After shifting out of the interior design industry mid-pandemic, the celebrated furniture designer and carpentress Sophie Collé has built a radical, bright-pink world of her own, one that revolves around the ethics and ideals from which her practice was born. From her combined studio and living space in New York City, we spoke about her approach and her references that span from Barbie to De Stijl.
Where are you from?
⎯⎯⎯ I'm from Maryland, a very small, very boring state. I grew up around all the big museums though, thanks to my dad working for the government and my mom being an artist. I’m always like, Maryland's so boring, but it's really informed who I am today, so I shouldn't drag Maryland too much.
I think we all like to drag our hometowns a little bit. But it's always fun to look back and realize how much your upbringing has informed what you’re giving to the world. So - tell me all about that.
⎯⎯⎯ Well, I launched my solo studio during covid. Before that, I was working in high-end residential interior design. The clientele were people whose kids went to the same school as Trump's kids. So it was a pretty high stress job, where everything was an emergency when it didn’t need to be. My bosses didn’t seem to care about Covid, or George Floyd - they were mainly annoyed they couldn’t post on Instagram.
I was quarantined with my parents in Maryland, and had room to play with my dad’s tools. I was just so frustrated with the world at large. I’m like, I can’t survive this job anymore, I don’t need the money cause I’m on unemployment, let me try to make furniture in exchange for donations and mutual aid organizations. It worked really well for a few months and I donated a tonne of money. Then I went back to New York and continued the project, and needed to figure out how to turn this into a business that still works in the community, still helps people and is still sustainable.
I didn’t realize that your practice was born from you realigning with your ideals.
⎯⎯⎯ It was completely philanthropy based. It feels a bit odd now cause it can't operate that way anymore. I still do whatever I can at the end of the month: donating, venmoing people, dropping off groceries. My big, ten-year plan is to make enough money so I can return to that. To open some sort of formal fund, or formal school, something that brings back the inception of the project.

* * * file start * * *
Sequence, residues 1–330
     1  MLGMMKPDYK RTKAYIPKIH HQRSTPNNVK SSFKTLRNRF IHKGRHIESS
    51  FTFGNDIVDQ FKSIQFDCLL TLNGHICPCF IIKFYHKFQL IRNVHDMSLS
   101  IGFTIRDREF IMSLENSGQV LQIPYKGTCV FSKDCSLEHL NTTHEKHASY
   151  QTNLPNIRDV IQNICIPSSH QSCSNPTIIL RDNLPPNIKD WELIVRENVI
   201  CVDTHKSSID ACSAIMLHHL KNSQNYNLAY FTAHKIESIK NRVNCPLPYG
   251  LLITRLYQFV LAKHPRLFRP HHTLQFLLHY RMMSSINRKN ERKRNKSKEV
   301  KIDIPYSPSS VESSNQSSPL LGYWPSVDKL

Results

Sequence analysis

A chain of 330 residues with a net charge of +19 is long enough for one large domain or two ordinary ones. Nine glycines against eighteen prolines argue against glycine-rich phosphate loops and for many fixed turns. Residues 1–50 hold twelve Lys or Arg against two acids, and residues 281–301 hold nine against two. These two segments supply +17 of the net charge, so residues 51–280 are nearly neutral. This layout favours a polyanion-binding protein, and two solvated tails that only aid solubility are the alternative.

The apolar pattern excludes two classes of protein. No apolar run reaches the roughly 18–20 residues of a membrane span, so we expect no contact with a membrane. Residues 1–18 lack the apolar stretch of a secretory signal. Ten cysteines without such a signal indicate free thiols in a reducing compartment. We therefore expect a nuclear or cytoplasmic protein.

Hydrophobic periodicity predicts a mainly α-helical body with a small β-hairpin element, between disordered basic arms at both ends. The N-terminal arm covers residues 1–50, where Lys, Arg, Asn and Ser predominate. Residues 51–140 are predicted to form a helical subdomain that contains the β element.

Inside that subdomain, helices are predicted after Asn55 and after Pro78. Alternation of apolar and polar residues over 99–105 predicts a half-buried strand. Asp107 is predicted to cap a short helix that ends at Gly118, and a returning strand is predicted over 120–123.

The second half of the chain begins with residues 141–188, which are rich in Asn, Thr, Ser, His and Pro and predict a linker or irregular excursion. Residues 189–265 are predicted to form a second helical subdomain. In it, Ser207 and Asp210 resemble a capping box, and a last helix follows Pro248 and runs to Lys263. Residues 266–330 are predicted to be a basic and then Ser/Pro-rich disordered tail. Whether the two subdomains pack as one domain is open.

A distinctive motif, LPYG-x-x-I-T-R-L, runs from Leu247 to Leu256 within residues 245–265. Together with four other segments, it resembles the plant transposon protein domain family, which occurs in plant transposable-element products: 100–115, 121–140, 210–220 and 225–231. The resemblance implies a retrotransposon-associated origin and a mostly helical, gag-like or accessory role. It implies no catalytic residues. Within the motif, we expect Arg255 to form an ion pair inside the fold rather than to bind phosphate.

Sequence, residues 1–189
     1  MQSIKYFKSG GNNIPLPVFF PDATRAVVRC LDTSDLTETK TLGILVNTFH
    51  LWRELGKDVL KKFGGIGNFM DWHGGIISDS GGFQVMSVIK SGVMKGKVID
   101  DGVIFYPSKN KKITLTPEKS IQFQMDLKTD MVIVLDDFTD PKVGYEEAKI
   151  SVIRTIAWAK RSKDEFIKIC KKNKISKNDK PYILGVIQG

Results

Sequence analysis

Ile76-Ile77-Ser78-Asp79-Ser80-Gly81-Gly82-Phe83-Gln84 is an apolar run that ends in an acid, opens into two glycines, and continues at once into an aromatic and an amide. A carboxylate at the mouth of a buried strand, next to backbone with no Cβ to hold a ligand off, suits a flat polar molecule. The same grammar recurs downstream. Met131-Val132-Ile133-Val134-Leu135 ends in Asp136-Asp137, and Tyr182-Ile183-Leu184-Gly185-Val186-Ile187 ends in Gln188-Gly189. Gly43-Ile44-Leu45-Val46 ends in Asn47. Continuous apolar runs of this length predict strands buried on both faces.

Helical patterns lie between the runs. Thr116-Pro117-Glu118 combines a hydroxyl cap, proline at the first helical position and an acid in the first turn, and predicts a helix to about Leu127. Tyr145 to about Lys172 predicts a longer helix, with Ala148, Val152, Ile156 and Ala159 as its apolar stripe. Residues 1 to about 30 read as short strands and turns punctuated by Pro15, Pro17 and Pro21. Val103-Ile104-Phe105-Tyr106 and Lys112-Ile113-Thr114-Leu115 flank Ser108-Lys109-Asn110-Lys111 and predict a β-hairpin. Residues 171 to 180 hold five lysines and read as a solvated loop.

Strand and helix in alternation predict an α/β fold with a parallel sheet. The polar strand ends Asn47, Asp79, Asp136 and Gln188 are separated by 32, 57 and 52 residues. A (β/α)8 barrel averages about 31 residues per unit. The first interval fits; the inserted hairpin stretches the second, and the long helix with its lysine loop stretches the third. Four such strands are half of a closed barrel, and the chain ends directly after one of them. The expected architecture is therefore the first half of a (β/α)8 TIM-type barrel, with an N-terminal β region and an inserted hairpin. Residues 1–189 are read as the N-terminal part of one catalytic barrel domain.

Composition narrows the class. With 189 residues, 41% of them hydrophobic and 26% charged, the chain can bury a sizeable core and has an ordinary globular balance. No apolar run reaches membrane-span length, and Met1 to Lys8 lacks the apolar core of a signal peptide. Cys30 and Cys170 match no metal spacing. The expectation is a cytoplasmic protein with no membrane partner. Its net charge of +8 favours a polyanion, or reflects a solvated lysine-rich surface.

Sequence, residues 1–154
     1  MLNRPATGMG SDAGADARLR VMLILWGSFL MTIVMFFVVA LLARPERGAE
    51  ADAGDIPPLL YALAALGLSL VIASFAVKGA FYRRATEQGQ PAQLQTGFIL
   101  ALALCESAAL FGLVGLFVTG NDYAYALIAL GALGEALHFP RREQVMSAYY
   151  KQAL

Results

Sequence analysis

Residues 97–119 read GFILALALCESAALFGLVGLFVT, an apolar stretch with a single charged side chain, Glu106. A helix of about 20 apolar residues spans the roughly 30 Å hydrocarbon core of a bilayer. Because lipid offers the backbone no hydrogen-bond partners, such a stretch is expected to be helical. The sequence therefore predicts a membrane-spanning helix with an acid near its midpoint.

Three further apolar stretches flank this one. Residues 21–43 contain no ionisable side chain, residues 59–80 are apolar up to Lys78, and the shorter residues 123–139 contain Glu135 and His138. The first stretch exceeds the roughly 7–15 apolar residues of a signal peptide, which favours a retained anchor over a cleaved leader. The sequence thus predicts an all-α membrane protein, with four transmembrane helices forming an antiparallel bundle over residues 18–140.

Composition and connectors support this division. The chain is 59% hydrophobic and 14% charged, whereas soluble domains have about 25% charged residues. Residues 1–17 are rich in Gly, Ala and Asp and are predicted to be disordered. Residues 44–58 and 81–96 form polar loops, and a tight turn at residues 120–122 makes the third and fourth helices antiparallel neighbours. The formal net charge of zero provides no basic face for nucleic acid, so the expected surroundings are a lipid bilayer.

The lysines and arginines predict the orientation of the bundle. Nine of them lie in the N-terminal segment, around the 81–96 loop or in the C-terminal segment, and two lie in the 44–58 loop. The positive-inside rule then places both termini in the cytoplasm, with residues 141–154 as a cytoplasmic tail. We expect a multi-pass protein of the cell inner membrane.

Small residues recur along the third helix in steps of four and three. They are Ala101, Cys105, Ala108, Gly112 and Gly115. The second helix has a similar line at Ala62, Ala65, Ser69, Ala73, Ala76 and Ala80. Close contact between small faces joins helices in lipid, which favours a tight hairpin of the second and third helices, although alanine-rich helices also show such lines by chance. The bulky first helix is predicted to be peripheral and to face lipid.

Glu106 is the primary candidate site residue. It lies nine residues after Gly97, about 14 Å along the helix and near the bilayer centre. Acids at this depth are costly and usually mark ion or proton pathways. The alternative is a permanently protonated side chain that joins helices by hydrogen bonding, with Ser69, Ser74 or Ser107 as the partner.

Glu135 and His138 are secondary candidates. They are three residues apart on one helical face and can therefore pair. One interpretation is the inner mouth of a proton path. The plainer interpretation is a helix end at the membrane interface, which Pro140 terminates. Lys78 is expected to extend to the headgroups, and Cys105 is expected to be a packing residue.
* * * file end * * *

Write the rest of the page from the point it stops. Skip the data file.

At what point did it turn into what it is now?
⎯⎯⎯ It was insane, cause everyone was on Instagram during Covid. I left a Google form open one night and got forty orders overnight. That's when I was like, oh my God, this is going to work. But this is also not going to work. So ever since that moment it's just been about undoing some of my mistakes - like refunding people, breaking promises I didn’t want to break, and so on.
All the things that happen when you get very popular overnight. Are you self-taught?
⎯⎯⎯ I didn’t start making furniture until after I graduated college. But, I went to Virginia Tech for industrial design. It’s a very big engineering/football school. I probably stayed in the closet for another four years because of that school. But, I did meet my two best friends there, who are both here in New York now, including my business partner, Sara. The curriculum there was focused on commerce-driven design, medical design, shoe design, nothing artistic. I should have gone to art school, honestly. But my dad wanted me to get a bachelor of science.
How did you get into furniture if not at school?
⎯⎯⎯ I had this prof in first year, and this is the project that really launched the interest for me: she had us draw a single object every day for thirty days to study all the different perspectives. She encouraged me to use an armchair as my subject, but was like, you're not doing the armchair in your dorm room. She took me to the art and architecture library at my school, which is full of famous vintage designer chairs. I fell in love with this Alvaar Aalto armchair, the Paimio armchair designed for Tuberculosis hospitals - it’s such an art piece. Of course there were Eames armchairs, also a Panton. She spent an hour that day bringing me around telling the history, showing me all the chairs.
So you had this moment of discovery that altered your course.
⎯⎯⎯ Yeah, I'm so grateful for her. I only had three female teachers through school, and she was one of them, She literally changed my life. So that was the start of chairs for me, and since then it's never really faltered. That's why school was so frustrating for me - every time we got a new project, I always wanted to spin it into furniture but they wouldn't let me. It was always about how to design a remote control to cure cancer or something. Super important stuff, but just not what I wanted to pursue.
I think there’s a certain value in having constraints because they stimulate unexpected expressions of creativity. Have any of those boring assignments turned into something exciting for you?
⎯⎯⎯ One project I did ended up being a favorite of mine. It was a lighting project, and I designed a handheld flashlight that looked more like an elegant toy than a light. My one professor told me it was MoMa design store worthy (literally the only compliment I ever got on projects in school) so I’ve held that dearly, especially since my splat tables are in the MoMa store now. That project was one of the few where I found a middle ground of designing a boring thing like a flashlight, and making it chic.